Since 2001 Bridge Ratings has been tracking and trending media consumption. Broadcast radio, internet radio, satellite radio, streaming, social media - it all is part of the daily manner in which audio consumers spend valuable entertainment time.
Traditional radio is no longer the only option.
So why are radio programmers missing the boat and not reflecting the tastes of their audiences.
Much has been writing in recent years about the strengths of traditional AM/FM radio (its reach of 93% of the population) and its weakness (annual time-spent listening reductions).
For many, music radio these days still uses structural exposure playbooks from the 1970s.
What's wrong with that?
Music radio song category structures and exposures no longer align with how the audience consumes music and in our latest findings here at Bridge Ratings, we've discovered that passion for music radio is slipping for 75% of the four major music formats we analyzed: Top 40 (CHR), Country, Urban Contemporary and Alternative.
Reduction in passion for music radio doesn't necessarily mean less passion for the music; on the contrary.
Of the four music radio formats we studied, only Urban Contemporary continues to align its programming to the needs of its listeners.
Methodology: Bridge Ratings has been tracking radio usage since its founding in 2001. Since 2001 each year we have randomly selected 5 radio stations in the four music formats in three market categories: Major Market (Ranked 1-10), Medium Market (Ranked 11-40) and Small Market (Ranked 41+). This totaled 20 radio stations per music format in each market category. Sample sizes varied by format and by year.
We tracked listening occasions per personal interviews and on-line surveys.
For each member of our sample aged 12 and over, we tracked their preference and passion for each type of music associated with each of the music formats (Passion Index).
The result was a comparison of weekly listening tune-in occasions and the passion.
The following charts summarize our findings:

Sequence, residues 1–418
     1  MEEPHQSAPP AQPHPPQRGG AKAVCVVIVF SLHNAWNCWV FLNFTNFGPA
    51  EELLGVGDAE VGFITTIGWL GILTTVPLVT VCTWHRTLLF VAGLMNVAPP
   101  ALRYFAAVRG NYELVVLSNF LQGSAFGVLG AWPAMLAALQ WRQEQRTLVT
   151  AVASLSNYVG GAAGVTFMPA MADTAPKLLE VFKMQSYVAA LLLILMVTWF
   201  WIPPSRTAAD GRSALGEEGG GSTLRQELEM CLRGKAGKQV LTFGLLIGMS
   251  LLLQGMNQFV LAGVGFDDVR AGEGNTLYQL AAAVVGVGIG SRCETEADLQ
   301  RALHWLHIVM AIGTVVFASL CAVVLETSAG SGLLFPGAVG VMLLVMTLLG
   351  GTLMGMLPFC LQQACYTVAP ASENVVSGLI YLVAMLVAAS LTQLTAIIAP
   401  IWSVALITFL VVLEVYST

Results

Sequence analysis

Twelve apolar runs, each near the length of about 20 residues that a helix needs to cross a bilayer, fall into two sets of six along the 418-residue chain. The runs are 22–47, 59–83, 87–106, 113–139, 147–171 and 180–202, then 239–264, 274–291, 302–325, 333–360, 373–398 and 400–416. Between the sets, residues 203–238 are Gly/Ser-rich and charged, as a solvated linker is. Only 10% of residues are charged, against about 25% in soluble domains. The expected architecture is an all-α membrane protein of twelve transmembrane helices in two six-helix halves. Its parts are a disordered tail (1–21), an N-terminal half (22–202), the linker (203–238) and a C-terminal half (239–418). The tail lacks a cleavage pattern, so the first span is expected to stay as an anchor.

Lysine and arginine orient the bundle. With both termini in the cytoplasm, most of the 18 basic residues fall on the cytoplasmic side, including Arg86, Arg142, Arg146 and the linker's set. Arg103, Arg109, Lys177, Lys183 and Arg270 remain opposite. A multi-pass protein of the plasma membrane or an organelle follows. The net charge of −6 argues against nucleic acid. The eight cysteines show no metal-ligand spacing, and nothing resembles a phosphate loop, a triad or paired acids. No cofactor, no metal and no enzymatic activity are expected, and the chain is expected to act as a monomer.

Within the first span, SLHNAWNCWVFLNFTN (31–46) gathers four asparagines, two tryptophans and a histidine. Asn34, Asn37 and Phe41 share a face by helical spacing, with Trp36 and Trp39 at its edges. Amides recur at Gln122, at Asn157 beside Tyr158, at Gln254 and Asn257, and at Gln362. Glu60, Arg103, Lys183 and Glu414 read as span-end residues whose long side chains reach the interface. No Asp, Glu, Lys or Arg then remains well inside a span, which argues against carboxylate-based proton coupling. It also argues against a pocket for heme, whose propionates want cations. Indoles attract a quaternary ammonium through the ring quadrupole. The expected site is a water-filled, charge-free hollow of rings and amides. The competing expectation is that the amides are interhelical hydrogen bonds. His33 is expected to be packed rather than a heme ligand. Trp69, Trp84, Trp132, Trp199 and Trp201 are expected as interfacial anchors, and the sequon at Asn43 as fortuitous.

As with all of these format examples, Passion for Pop music on Contemporary Hit Radio/Top 40 remains high over the sixteen year term of this study. What has changed is the number of weekly occasions of listening. Drop-off began as early as 2006 - long before many of the alternative methods of consuming Pop music became available. The divide between the passion and the tune-in is significant for this format yet provides an opportunity.
According to our samples, passion for Country music has sustained its high numbers throughout this period having reached its highest point today. And as well-programmed are many of the Country radio stations reflected in this study, the passion for the music and the number of times listeners tune-in each day has slipped and in 2010 began to diverge into a Country music life group that is not as satisfied with Country radio as it could be. The gap between the passion index scores and the tune-in occasion number is the potential the format has for growth.
Evidenced in most of these music formats is the growing gap of non-alignment and nowhere is it more evident than in the Alternative Radio segment. Passion for the Alternative music category which can include everything from Alternative, Punk, Indie, Rock and Alternative Pop remains greater than the satisfaction levels delivered by the stations represented in this next chart. Despite the drop-off, the passion for the music is only 14% lower than it was in 2000 while tune-in to these radio stations on average has dipped faster after a high in 2007.
An example of well-aligned radio to its audience is Urban Contemporary as shown in the following chart. Passion for the music and tune-in occasions have followed similar growth trajectories since 2000 and today the format is performing better than ever. Does this have anything to do with the fact that Urban music tends to be the most-consumed whether by stream, download or physical purchase? We believe it does.
According to a separate research study of radio program directors conducted late Summer 2016, only 44% of radio programmers used some form of music research. 70% of the group that doesn't use music research depends on published airplay charts to choose and manage their playlists.
The slow disintegration of station tune-in occasions not only aligns with advances in technology but also seems to align with an era when budget for solid station product research began to be cut or reduced and as revenues dried up since 2005, costs were eliminated and research was one of the victims.
Radio today continues to reach over 90% of the U.S. population weekly. And it's no secret that with all the entertainment options available, traditional radio has competition for the short attention span of most listeners.
With the varied audio options available to radio consumers, frankly they've gotten more sophisticated in their tastes, needs and expectations.
Our listener panels and the charts in this report point to one of music radio's key vulnerabilities: listener expectations are not being met.
Even listening behavior of older demographics have significantly adjusted to the influence of new technology.
The disconnect between listener expectations and radio's music programming provides an opportunity.
The radio industry can view this data in hindsight and wonder why time spent listening is dropping. However a return to investment in the product in the form of research, talent and marketing could resolve or at least halt the deterioration in listener commitment to radio stations that play music they are passionate about.